HPV — prevention and new developments
Fortunately there is now an effective way of preventing HPV aside from not having sex or sexual contact. The recently developed vaccine reduces the risk of cervical cancer up to 70%. It is important to vaccinate young girls aged 12-13. At this age the immune response is stronger and sexual contact of the virus is not an issue yet. The vaccination schedule at 0,2 and 6 months is currently applied in all major Health Services worldwide.
Using condoms may help to prevent HPV, but because they do not cover the entire genital area, and are often put on after sexual contact has begun, the virus can still be passed on, even during 'safe sex'.
Using a condom for 3 to 6 months following treatment for warts may help prevent reinfection for you and your partner, and is usually recommended as part of a treatment programme. Risk factors, which, if avoided, may reduce your risk of getting HPV include: smoking, having multiple sexual partners and exposure to other sexually transmitted infections.
Fortunately, most HPV infections go away on their own within six months to two years without causing any complications or harmful long-term effects. For people with genital warts, the psychological and emotional impact of having warts is often the worst part of HPV. Some infections, however, may be linked to other problems, including recurring warts, other sexually transmitted infections (STIs) and cervical cancer.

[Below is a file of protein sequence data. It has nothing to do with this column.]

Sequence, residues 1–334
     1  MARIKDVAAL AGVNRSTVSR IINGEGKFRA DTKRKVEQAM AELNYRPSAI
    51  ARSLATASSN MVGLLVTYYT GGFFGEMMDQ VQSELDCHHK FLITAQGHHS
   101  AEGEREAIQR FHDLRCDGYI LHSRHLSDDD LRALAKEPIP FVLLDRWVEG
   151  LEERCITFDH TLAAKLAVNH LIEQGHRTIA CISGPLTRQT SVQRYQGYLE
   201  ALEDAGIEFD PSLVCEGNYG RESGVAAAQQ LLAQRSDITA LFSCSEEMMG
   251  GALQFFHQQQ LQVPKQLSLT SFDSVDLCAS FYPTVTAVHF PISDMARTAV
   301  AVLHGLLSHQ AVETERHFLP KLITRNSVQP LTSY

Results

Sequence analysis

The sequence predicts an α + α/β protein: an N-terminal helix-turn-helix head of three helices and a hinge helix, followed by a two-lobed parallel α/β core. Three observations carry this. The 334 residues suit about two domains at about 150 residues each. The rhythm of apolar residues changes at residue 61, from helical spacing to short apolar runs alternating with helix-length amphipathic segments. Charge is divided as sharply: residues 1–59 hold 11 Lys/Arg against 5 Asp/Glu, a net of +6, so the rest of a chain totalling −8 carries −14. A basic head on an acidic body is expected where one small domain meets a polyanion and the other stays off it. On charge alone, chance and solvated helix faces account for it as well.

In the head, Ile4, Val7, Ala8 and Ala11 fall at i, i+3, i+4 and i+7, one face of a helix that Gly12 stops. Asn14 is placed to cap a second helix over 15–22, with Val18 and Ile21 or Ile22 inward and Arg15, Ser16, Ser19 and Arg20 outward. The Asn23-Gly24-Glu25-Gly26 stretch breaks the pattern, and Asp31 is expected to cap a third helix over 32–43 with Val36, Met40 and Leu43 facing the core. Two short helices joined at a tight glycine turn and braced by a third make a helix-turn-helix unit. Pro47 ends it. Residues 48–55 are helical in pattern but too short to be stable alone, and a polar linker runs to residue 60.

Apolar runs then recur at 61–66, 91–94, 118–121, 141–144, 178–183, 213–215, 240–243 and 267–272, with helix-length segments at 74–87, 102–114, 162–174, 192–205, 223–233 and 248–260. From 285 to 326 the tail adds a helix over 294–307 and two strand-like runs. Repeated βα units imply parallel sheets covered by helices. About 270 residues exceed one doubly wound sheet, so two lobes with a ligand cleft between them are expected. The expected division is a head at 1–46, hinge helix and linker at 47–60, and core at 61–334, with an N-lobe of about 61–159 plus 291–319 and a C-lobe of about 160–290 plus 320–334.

Abnormal smear results and cervical cancer
Some types of HPV can lead to abnormal cell changes on a woman's cervix. These changes are known as CIN (cervical intra-epithelial neoplasia), which means 'new changes in the outer layer of the cervix'. In many cases, abnormal cells revert back to normal without treatment, but sometimes they do not. If left untreated, these cells may develop into cervical cancer, but it usually takes 10 to 20 years for this to happen. Fortunately, the progression to cervical cancer can be easily prevented if abnormal changes are found and treated early. Smear tests are currently the only way to detect abnormal cell changes, and are therefore the best way to protect yourself from cervical cancer. If you have been diagnosed with HPV, you may be scheduled for more frequent cervical screening — every 6 to12 months — to keep an eye on cervical cell changes. If the cells do not return to normal, or changes are severe, we will need to consider treatment options to remove the abnormal cells.
If you have visible genital warts, you probably do not have a type of HPV that is linked to cancer.